House Republicans passed a short-term transportation reauthorization bill Tuesday, openly defying an influential conservative group that had made the measure a litmus test for conservative purity.
Although Heritage Action for America had designated the extension of surface and air transportation programs as a “key vote” — which means the vote will be used to score Members’ conservative bona fides before next year’s election — Republicans not only supported the bill but even passed it by voice vote.
Leadership aides declined to comment on the vote or why they decided to pass it by voice vote.
A conservative activist downplayed the passage of the bill, arguing that it appears the decision to move the bill Tuesday “happened so fast after leadership figured” that it had the votes for passage, and “it seems it may have caught some [conservatives] off guard.”
But a veteran GOP House aide familiar with the situation rejected that explanation.
The aide said Majority Whip Kevin McCarthy’s (R-Calif.) office sent out several whip notices to Members and staff throughout the day Tuesday notifying lawmakers that the bill was on the floor and that a vote was expected. Additionally, Republicans used the full 40 minutes of debate time, the aide explained, saying Members had more than enough time to know it was on the floor.
“It shouldn’t have been a surprise to anyone when the timing of the vote was,” the aide added.
Still, passage of the bill with no opposition is remarkable for a number of reasons.
Scrapping a roll call vote on the bill appears to have been an open act of defiance against an influential conservative group by leadership, which has clashed with the group in the past. In fact, Heritage Action opposed the debt deal passed in August, as well as other measures.
But in the past, leadership has been careful to at least give a cursory nod to conservative opponents.
For instance, during this summer’s debt limit deal, leadership used legislative vehicles like the Cut, Cap and Balance bill, which had no chance of passing the Democratic-controlled Senate, to demonstrate its commitment to conservative values even as it was negotiating a compromise with Democrats.
Additionally, earlier this year Heritage Action teamed up with conservatives in the House to scuttle a planned vote on the Trade Adjustment Assistance program, a favored measure among Democrats but vehemently opposed by conservatives. Heritage Action’s decision to call the bill a key vote, along with a last-minute push by the Republican Study Committee against it, forced leadership to pull it from the floor when rank-and-file Members abandoned the measure in droves.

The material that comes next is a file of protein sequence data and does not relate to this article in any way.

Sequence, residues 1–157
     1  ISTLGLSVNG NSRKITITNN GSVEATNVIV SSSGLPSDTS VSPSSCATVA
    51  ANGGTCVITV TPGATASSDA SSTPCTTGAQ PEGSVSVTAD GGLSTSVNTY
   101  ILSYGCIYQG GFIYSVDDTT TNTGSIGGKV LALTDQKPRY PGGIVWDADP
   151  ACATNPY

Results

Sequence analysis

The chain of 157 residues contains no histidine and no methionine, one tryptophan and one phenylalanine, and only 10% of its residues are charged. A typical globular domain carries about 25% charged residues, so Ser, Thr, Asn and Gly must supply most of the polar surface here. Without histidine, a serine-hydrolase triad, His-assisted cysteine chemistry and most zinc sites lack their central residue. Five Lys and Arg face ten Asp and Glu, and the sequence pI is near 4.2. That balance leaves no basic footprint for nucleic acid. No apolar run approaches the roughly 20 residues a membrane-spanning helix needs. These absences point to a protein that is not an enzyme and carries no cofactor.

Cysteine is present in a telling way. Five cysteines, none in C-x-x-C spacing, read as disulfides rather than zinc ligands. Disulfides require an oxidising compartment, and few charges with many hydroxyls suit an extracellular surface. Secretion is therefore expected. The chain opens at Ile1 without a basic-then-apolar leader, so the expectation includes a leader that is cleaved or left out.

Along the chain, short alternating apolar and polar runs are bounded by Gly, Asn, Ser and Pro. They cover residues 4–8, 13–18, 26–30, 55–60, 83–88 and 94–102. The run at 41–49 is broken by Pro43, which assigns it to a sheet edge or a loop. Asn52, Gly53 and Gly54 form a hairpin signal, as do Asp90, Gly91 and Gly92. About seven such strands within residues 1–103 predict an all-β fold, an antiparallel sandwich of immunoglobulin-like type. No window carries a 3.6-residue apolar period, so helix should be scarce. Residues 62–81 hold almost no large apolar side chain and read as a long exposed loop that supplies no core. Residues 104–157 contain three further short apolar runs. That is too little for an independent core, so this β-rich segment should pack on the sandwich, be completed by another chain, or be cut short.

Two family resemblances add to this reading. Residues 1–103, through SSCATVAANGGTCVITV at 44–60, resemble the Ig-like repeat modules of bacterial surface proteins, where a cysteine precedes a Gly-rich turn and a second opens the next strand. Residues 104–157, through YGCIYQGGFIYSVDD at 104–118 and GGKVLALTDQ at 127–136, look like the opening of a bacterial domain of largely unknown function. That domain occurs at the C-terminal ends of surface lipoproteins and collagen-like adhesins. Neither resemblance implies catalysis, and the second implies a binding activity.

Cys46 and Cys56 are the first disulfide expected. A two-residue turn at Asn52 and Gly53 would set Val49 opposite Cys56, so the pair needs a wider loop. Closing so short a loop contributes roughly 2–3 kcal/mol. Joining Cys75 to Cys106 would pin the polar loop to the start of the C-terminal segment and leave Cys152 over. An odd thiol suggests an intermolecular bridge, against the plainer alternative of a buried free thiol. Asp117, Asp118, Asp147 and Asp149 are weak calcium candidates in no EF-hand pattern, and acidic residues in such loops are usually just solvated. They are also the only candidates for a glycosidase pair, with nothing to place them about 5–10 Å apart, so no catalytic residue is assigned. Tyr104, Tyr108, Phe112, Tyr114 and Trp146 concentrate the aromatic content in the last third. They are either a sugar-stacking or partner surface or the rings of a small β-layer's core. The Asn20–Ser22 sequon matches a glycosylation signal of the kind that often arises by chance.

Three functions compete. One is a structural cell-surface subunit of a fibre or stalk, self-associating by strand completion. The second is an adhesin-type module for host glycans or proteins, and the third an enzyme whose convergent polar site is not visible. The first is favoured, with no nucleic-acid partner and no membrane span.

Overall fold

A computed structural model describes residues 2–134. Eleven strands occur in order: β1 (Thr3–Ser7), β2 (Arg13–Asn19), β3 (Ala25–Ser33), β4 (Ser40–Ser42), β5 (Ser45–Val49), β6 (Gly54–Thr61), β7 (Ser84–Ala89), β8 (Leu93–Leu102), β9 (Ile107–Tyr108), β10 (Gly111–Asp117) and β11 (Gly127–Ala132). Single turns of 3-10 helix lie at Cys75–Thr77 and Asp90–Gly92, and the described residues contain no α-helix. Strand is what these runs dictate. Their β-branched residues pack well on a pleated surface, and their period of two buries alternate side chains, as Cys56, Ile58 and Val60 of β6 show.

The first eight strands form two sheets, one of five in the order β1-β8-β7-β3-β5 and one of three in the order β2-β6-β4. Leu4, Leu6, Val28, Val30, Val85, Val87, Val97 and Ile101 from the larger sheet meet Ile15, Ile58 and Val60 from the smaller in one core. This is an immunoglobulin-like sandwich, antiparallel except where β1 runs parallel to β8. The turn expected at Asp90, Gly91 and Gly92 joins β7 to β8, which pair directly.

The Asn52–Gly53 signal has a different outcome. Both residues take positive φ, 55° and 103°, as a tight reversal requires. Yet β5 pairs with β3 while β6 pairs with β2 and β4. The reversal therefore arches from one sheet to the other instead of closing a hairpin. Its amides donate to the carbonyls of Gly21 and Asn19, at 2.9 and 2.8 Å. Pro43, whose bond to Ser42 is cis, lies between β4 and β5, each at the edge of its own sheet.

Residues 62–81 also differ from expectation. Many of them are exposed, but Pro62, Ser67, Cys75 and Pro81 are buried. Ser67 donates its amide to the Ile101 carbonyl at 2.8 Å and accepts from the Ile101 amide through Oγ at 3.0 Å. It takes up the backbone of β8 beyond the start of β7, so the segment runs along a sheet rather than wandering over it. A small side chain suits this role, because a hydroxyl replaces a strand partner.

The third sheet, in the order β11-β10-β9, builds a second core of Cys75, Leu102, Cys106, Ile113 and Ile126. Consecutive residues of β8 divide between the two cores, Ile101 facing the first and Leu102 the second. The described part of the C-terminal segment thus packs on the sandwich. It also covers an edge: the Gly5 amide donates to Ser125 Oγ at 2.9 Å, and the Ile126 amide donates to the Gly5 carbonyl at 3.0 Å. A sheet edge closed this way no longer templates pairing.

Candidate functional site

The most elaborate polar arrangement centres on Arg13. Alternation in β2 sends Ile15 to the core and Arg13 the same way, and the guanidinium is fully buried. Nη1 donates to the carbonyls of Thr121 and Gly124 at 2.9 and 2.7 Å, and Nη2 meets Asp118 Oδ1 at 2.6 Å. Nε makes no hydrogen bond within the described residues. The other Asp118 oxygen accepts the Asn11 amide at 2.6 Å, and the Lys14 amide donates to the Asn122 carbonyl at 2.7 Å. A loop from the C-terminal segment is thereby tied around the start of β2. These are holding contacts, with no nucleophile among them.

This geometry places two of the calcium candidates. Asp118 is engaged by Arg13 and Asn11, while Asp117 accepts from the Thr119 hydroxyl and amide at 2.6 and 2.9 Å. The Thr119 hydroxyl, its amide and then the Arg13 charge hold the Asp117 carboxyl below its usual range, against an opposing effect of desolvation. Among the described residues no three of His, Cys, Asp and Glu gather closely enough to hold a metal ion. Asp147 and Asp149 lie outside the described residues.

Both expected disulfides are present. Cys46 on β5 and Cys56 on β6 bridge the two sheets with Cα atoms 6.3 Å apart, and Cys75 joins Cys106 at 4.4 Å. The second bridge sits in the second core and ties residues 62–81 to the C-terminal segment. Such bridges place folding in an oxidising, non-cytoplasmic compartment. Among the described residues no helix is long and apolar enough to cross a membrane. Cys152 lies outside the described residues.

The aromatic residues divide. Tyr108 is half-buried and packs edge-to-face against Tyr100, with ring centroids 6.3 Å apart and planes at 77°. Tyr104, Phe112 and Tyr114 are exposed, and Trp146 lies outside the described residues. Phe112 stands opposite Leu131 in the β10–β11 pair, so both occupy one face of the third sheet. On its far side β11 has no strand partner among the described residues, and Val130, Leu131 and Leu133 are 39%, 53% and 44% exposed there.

Still, Speaker John Boehner (R-Ohio), Majority Leader Eric Cantor (R-Va.) and McCarthy have been willing to ignore the demands of interest groups once they have settled on legislation that they believe will garner strong GOP support, such as the continuing resolution this spring and the final debt deal.
Perhaps more striking is the fact that rank-and-file Members, including members of the Republican Study Committee, did not object to passing the bill by voice rather than using a roll call vote.
Voice votes are rarely used in the sharply divided House and are almost never applied to massive spending authorization bills like the transportation package. Traditionally, anytime a powerful interest group such as Heritage Action opposed to a measure key-votes it, at least one Member will object to using a voice vote to pass the bill, forcing a roll call vote to put his colleagues on record.
The use of key votes to keep track of lawmakers’ ideological purity has long been a source of tension between outside groups and elected officials, particularly for freshmen who were sent to Washington “to stop President Obama’s policy agenda,” Heritage Action Communications Director Dan Holler said.
“If you look at what happened on our scorecard, a lot of these guys got bumped down” as a result of votes on the CR this spring and the debt bill, Holler added.
He also warned that “when people around the country figure out what’s going ... they’re going to be frustrated.”